selg

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See also: sel'g

Estonian[edit]

Etymology[edit]

From Proto-Finnic *selkä.

Noun[edit]

selg (genitive selja, partitive selga)

  1. (anatomy) back
  2. back, backside (of an object)

Declension[edit]


Norwegian Bokmål[edit]

Verb[edit]

selg

  1. imperative of selge

Old Irish[edit]

Etymology[edit]

From Proto-Celtic *selgā, from Proto-Indo-European *selǵ- (let loose, send).[1]

Pronunciation[edit]

Noun[edit]

selg f

  1. hunt
  2. (hunted animals) quarry, game

Inflection[edit]

Feminine ā-stem
Singular Dual Plural
Nominative selgL seilgL selgaH
Vocative selgL seilgL selgaH
Accusative seilgN seilgL selgaH
Genitive seilgeH selgL selgN
Dative seilgL selgaib selgaib
Initial mutations of a following adjective:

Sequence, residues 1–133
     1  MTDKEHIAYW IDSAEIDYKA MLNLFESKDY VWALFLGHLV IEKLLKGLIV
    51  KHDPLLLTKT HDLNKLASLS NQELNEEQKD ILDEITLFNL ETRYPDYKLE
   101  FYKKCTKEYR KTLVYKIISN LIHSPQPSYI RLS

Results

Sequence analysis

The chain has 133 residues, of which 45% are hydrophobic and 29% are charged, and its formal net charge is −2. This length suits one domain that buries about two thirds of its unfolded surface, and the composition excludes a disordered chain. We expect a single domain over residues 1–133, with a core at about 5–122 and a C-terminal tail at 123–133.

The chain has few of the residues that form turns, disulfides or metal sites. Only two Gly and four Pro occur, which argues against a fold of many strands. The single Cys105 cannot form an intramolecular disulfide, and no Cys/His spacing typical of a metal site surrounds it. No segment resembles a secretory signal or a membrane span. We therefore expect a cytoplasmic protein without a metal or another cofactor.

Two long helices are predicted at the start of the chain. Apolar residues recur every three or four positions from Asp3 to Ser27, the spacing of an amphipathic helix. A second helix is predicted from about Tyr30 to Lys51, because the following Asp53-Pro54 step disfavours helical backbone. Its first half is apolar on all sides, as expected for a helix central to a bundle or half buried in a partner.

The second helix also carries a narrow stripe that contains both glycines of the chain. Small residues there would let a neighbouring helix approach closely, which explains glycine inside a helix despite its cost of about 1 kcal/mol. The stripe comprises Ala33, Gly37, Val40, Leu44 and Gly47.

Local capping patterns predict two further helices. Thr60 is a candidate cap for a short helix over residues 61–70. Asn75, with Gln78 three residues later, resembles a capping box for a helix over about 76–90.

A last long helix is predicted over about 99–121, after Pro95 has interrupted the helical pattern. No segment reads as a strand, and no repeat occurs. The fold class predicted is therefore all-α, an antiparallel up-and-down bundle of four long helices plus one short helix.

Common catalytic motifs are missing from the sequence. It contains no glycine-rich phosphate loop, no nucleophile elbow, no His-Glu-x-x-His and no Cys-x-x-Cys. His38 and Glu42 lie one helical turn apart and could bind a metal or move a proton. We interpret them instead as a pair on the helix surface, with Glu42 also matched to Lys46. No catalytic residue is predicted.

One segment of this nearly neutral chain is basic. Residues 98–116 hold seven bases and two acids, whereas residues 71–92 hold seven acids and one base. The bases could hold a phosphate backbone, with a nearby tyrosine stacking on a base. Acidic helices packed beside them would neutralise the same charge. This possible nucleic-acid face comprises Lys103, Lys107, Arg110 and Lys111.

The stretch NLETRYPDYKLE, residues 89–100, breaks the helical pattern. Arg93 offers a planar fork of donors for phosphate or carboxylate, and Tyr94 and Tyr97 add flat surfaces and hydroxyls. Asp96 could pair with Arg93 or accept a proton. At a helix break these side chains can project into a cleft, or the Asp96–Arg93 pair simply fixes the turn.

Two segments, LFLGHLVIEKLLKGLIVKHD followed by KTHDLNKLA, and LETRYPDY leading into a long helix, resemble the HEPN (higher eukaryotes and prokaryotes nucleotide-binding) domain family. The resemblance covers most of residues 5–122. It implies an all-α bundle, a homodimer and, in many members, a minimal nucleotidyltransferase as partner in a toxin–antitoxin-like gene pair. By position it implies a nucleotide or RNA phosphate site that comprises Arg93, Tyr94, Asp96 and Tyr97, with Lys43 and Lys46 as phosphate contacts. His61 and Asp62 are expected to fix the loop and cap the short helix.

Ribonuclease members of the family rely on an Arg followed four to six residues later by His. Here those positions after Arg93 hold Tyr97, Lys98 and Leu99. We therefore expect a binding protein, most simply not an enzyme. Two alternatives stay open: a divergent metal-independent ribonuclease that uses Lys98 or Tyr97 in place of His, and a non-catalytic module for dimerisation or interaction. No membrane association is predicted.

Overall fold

• H = triggers aspiration
  • L = triggers lenition
  • N = triggers nasalization

Descendants[edit]

  • Irish: seilg
  • Scottish Gaelic: sealg
  • Manx: shelg

Mutation[edit]

Old Irish mutation
Radical Lenition Nasalization
selg ṡelg unchanged
Note: Some of these forms may be hypothetical. Not every
possible mutated form of every word actually occurs.

Further reading[edit]

References[edit]

  1. ^ Matasović, Ranko (2009) , “selgā”, in Etymological Dictionary of Proto-Celtic (Leiden Indo-European Etymological Dictionary Series; 9), Leiden: Brill, →ISBN, page 329